· Data collection and awareness building on women's contributions to agriculture and food security: The growing collection and dissemination of gender-disaggregated data are contributing to an increasing knowledge and awareness of the important contributions of women to agricultural production and food security. Other measures contributing to this awareness are gender analysis and gender sensitivity training of development policy makers, planners and agents.
· Reorientation of extension and research policies and priorities: Greater knowledge of women's key roles in agriculture can help persuade agricultural development policy makers and planners of the need to reorient extension policies and priorities to include the needs of women food producers and of landless farmers. Mandates and guidelines are needed to implement this, as well as monitoring and evaluation mechanisms.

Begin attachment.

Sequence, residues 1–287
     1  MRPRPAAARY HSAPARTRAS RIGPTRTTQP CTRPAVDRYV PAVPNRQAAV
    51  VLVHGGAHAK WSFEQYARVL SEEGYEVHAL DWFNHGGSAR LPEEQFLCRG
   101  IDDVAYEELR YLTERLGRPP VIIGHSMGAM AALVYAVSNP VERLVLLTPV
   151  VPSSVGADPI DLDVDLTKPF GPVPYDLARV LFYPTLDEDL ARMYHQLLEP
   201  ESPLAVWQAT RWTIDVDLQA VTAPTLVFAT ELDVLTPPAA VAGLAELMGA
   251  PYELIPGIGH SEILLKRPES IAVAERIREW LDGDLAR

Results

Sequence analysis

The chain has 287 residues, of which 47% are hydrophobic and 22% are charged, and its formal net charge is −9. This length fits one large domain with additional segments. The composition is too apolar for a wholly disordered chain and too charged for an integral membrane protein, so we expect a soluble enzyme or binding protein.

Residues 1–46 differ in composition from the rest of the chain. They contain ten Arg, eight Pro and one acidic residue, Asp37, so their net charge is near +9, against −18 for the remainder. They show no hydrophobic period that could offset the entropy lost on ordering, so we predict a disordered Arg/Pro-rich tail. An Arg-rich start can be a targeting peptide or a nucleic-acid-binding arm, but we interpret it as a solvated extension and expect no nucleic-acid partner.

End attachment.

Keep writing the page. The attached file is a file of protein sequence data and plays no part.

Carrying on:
· Improving the linkages between extension and research: Gender-responsive extension services can channel information to research institutes on the needs of women farmers, and gender-responsive research institutes can channel gender appropriate information and technologies to farmers through extension services.
· Training extensionists to involve women in extension services: Both men and women extensionists need training on how to work with women farmers and promote their participation in extension work. Some of the efforts being made are: training extensionists on gender issues and how to carry out gender analysis; the preparation of specific instructional materials on improving extension work with rural women to be used in special training courses and/or inserted into the curriculum of extension courses and training institutes; and developing training materials appropriate for women.